Mary Uduk’s Efforts At Making The Nigerian Capital Market World Class

Mary Udak

BY VICTOR ONYEBUCHI—The Acting Director General of the Securities and Exchange Commission (SEC) in the last two years, Ms Mary Uduk, has made unassailable achievements and total commitment to transparency, innovativeness and standardization of the nation’s capital market in her short but eventful tenure as the regulator of the market.—-

To many observers of the political landscape in its increasingly slippery turf in the past few years, Ms Uduk’s failure to get confirmed despite her much speculated endorsement by the Minister of Finance, Zainab Ahmed, could not have been surprising to them, especially when analysed from the past political antecedents in the land.

As it has been over the years and not necessarily peculiar to the President Buhari’s administration, experiences have shown that many hard working, reform-driven and qualified professionals are usually ‘dumped’ for political expediency fix those who ‘really qualified’ to take over the affairs of many MDAs.

Ms Uduk did her best in the face of all odds and it is most certain that when the names of those who selflessly worked to make the Nigeria’s investment space more investor-friendly will be written in the capital market’s future ‘Hall of Fame’, the amiable and futuristic ‘Mary Uduk’ will not be missing.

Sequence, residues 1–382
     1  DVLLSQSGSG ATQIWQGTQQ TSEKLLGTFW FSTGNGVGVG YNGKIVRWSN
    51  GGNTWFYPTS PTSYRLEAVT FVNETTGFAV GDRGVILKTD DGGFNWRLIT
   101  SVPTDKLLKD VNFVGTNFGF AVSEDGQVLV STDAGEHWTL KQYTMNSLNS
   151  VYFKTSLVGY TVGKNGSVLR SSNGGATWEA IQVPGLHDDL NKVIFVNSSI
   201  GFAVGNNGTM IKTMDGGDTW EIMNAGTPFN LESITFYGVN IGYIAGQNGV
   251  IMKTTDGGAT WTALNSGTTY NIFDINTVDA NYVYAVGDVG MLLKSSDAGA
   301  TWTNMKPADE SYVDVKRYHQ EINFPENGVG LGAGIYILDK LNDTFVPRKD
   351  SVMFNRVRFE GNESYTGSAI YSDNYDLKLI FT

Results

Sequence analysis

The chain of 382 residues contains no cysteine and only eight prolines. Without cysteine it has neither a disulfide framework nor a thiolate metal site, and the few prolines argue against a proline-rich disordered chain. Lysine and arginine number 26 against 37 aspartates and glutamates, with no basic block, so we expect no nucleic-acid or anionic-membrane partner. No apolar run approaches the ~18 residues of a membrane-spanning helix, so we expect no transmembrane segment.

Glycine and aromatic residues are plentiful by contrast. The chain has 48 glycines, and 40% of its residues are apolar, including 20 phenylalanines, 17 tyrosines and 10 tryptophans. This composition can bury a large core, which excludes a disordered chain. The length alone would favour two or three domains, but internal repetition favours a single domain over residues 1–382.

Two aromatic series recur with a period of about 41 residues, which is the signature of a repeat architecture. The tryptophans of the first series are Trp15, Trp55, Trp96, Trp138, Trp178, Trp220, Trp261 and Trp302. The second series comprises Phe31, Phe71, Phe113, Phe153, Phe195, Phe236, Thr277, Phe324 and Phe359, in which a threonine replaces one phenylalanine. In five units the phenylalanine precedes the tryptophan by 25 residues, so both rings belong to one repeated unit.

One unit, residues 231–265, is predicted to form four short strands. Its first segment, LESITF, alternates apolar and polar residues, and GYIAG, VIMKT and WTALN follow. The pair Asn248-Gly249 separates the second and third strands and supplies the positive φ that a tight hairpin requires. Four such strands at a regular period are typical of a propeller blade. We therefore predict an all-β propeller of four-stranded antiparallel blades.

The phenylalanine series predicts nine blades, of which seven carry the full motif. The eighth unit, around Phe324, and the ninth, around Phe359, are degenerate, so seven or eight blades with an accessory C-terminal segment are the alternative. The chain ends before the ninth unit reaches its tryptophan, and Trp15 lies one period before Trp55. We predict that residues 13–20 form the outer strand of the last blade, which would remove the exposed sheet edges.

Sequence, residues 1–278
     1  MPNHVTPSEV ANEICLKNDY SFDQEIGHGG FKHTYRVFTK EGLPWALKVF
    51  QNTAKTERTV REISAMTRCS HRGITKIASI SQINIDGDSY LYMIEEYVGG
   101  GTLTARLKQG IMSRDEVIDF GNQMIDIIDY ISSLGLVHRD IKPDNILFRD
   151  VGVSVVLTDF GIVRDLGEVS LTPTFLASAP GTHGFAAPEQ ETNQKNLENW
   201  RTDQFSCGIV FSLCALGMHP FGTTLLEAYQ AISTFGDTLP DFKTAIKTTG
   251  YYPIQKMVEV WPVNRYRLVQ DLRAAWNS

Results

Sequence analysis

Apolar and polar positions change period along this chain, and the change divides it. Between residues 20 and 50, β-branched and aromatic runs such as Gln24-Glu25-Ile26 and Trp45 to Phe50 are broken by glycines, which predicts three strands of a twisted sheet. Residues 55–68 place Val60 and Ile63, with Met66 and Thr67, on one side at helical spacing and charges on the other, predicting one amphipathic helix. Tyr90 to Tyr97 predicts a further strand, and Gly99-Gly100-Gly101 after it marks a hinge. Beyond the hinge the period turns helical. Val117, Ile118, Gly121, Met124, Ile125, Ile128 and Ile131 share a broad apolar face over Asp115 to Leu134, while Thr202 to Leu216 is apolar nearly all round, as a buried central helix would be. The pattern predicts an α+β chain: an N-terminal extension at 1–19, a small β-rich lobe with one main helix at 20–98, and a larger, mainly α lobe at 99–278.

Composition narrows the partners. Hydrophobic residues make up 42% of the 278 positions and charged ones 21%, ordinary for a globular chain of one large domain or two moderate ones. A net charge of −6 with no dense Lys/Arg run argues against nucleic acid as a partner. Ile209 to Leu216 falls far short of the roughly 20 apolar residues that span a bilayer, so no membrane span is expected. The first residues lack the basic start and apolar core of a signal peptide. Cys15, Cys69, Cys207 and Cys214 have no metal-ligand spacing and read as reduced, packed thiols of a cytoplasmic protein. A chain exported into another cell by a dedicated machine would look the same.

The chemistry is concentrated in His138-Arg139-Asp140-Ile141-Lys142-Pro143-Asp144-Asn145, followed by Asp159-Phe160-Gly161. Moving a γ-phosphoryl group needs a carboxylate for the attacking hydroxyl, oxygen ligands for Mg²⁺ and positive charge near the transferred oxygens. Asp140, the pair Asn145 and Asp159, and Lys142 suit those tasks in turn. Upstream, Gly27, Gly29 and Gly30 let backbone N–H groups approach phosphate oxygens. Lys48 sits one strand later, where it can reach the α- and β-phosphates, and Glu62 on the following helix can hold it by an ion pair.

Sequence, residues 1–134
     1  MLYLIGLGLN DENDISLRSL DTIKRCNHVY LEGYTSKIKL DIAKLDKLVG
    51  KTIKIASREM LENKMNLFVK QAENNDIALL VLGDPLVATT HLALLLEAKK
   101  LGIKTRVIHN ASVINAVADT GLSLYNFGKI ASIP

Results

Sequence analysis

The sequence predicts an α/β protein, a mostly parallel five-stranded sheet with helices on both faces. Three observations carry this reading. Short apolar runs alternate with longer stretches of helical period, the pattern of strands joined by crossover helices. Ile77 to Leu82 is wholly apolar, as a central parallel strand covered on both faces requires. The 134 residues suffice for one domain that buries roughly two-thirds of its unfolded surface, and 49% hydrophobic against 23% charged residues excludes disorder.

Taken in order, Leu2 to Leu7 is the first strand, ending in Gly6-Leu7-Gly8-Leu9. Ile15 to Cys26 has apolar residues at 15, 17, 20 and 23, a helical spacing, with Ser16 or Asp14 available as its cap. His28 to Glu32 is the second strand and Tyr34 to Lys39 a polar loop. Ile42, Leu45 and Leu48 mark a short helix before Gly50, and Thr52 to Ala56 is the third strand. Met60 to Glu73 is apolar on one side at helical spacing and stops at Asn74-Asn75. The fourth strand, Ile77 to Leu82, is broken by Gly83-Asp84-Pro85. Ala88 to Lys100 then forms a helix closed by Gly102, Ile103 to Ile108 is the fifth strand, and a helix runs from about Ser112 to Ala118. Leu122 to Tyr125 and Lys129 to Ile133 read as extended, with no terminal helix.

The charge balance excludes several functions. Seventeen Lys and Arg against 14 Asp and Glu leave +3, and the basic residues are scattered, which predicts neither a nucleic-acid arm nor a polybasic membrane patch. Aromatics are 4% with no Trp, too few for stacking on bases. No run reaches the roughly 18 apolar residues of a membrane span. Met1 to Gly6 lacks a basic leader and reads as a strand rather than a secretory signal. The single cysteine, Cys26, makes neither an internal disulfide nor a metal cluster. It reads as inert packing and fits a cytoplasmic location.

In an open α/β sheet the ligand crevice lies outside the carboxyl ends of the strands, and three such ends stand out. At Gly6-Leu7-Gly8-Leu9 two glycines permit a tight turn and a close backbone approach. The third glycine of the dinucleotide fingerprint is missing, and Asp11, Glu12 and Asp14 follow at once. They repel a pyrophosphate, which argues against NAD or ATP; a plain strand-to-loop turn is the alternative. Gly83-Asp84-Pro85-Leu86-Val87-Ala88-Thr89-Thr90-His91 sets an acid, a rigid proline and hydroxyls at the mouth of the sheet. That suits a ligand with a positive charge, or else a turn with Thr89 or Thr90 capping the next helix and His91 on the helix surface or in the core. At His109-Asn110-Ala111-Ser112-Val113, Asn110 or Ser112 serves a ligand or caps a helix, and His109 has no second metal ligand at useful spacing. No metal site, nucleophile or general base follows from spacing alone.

A cursory assessment of her contributions to the development of the nation’s capital market in the last two years shows that the outgoing investment expert scored excellently in key assessment parameters, some of which will be touched briefly here for record purposes, even as Ms Uduk will now be penning down her handover notes for the incoming Director General.

An analysis of her actions in the brief but epochal tenure showed that over the two years she held sway as the Acting Director General, Ms Uduk, together with the SEC management, anchored the commission’s programmes and projects’ implementation on the 10-Year Capital Market Master Plan which was launched by SEC in 2014 for the purpose of positioning the market as a key catalyst for sustainable development of the national economy.

Designed and anchored on four strategic themes and with over 100 initiatives, the implementation of the Plan and other policy initiatives by the Ms Uduk-led management team has broadly transformed the capital market and buoy its contribution to national development, particularly at a time the volatility of the global investments climate remains tumultuous for regulators, operators and investors.